All the gutters have been full for days

Wild ducks have flown in for the duckling season.

and are trying out some suburban puddles.

Saturday, 7 August 2010

Wintering over

This year has suited the violets and they have bloomed from the first autumn rains right through the winter. Their scent is always in the garden.

The herbs in pots have wintered over in a sheltered and sunny spot by the house. While all the herbs in the garden beds are mostly dry, with hints of new growth underneath, these are almost bursting from their pots. I have thyme, sage, parsley, mint, marjoram and chives growing well despite the chilly weather.

I planted hyacinths after reading several novels written by English women in the thirties, forties and fifties. All very different writers, but I began to notice the presence of hyacinths somewhere in each book. These are looking hopeful, aren't they?

Sweet scented jonquils are flowering in a couple of large terracotta pots.

and the grapefruit, the last of the winter fruit, are slowly ripening.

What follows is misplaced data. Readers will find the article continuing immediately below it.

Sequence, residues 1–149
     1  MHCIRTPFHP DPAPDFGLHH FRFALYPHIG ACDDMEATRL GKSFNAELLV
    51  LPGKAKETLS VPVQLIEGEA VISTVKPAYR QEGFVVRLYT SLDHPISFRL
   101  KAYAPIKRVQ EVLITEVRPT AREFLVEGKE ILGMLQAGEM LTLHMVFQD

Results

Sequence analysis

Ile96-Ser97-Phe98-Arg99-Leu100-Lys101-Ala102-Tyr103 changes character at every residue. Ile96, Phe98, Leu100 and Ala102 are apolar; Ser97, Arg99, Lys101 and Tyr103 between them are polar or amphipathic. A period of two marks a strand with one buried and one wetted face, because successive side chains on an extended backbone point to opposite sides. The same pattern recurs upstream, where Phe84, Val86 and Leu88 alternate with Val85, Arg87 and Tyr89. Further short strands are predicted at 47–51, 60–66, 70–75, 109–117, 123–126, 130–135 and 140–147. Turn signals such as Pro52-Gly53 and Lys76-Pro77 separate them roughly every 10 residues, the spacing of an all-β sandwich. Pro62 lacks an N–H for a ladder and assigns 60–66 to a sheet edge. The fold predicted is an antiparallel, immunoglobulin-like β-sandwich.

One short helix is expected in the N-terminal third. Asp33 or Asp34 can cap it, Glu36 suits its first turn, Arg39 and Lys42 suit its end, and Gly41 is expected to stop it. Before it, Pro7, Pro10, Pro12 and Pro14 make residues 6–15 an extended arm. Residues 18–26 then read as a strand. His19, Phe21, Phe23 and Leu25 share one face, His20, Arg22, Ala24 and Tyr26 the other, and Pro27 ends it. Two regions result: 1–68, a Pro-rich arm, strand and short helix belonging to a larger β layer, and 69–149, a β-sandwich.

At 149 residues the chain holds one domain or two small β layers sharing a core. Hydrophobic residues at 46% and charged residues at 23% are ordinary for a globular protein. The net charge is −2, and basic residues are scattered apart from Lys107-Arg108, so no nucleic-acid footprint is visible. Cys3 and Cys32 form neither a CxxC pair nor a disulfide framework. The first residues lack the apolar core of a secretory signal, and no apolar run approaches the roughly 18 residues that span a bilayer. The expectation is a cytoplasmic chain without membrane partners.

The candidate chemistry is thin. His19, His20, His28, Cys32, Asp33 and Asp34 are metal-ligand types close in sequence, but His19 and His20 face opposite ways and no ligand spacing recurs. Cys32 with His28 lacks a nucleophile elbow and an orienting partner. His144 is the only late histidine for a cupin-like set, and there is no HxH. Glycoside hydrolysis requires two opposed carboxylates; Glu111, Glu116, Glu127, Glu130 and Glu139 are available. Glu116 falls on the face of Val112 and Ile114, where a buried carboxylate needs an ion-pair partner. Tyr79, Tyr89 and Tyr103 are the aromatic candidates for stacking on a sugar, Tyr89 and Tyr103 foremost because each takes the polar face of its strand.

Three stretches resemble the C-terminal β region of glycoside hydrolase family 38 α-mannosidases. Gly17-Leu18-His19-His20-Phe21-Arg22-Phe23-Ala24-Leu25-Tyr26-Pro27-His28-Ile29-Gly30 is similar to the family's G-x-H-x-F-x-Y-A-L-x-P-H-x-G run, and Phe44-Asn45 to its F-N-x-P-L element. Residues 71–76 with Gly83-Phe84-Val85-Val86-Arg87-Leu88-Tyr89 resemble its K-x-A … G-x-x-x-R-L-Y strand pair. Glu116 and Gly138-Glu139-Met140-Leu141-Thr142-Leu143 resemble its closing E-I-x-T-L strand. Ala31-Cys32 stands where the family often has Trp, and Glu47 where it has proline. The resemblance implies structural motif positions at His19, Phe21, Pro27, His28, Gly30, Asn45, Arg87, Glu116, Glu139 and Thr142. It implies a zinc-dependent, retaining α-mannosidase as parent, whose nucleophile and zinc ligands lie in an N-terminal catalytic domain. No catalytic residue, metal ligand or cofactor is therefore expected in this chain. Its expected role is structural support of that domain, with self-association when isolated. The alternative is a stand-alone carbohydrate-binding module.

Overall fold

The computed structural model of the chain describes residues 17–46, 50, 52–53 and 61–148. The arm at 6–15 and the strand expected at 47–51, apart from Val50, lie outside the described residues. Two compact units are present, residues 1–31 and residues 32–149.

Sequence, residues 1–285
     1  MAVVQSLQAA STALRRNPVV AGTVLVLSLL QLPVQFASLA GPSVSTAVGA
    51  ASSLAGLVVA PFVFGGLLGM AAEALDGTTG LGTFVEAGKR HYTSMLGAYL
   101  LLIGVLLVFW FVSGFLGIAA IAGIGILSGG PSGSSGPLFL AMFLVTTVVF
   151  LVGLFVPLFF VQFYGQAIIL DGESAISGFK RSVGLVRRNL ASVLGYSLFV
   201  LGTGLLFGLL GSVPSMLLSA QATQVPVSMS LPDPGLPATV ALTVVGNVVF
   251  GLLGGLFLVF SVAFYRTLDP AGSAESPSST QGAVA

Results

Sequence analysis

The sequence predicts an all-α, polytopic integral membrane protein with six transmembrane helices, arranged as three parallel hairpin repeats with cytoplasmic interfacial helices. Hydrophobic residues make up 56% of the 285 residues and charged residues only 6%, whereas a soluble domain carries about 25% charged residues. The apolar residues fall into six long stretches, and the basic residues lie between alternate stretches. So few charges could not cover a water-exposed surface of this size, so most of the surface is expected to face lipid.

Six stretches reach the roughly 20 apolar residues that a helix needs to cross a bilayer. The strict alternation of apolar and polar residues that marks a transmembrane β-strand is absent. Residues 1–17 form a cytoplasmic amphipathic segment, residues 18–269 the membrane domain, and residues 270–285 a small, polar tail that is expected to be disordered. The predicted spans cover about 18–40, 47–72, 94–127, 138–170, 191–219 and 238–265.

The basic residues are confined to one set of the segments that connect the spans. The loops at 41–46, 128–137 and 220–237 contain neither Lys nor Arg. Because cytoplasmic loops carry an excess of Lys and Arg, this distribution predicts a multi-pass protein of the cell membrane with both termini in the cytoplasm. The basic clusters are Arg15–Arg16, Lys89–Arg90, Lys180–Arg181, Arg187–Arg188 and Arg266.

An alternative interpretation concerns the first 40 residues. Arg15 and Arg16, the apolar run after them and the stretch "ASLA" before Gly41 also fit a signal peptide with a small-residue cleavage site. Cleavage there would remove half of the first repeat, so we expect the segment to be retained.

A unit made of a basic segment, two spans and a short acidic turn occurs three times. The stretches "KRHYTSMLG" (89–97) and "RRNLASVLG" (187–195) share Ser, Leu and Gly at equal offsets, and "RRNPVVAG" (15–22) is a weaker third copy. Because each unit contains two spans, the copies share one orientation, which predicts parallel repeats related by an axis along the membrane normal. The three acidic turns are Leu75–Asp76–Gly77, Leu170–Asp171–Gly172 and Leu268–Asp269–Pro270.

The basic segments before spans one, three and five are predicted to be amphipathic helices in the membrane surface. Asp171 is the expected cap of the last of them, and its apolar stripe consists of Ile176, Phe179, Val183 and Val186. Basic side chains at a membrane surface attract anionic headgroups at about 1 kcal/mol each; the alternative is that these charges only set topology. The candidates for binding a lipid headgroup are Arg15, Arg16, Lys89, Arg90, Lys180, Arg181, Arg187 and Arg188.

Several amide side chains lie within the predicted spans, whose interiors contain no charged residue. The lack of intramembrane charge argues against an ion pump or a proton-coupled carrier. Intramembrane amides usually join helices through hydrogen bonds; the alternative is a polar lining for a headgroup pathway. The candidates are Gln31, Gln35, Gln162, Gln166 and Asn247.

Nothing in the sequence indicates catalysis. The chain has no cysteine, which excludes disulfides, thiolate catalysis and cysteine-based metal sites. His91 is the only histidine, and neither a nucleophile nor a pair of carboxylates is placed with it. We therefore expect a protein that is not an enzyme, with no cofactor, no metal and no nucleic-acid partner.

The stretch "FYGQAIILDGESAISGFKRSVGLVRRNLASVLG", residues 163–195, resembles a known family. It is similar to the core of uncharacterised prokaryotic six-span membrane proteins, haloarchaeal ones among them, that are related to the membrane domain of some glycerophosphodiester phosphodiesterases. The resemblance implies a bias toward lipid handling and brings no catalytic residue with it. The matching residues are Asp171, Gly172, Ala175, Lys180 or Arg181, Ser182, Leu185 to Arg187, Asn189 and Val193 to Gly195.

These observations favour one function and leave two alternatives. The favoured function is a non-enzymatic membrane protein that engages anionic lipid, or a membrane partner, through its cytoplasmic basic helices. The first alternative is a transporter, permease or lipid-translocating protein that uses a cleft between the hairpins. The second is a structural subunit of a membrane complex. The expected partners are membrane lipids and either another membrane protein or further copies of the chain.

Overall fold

Monday, 2 August 2010

Beautifully wet

I was so happy on Sunday to walk around Lake Wendouree and watch the swans feeding and nesting.

The dogs are too old for long, cold, wet winter walks but I'm not.

Water is filling up Lake Wendouree again, a mix of natural rainfall, stormwater and top-ups from other water systems. While I don't think this is the best use of our scarce water, my feelings are quite different. I am full of joy to see water gleaming in the lake again.

The sun came and went between showers of rain. I just walked on, drinking it all in. As the rain came and went, so the light changed.

It was a bit chilly but I had a little thermos of hot tea in my jacket pocket to keep me warm.

 Mist and rain over the town.

Sunday, 1 August 2010

Flowers and foxes

A full day. I went for a walk and some Op shopping around Ballarat East. I love the way the streets of old brick houses go up and down.

I found a glass necklace just right for the season. The necklace reminds me of the early wattle that's about to flower here.

I made some more fox prints - a mix of lino printing and paper cutting.

They are a little rough as I'm using up some tatty bits of beautiful paper, left-over from some booklets I made last year.

A storm came over and I watched the tulips blaze red against the darkening world.

I love these wintery months.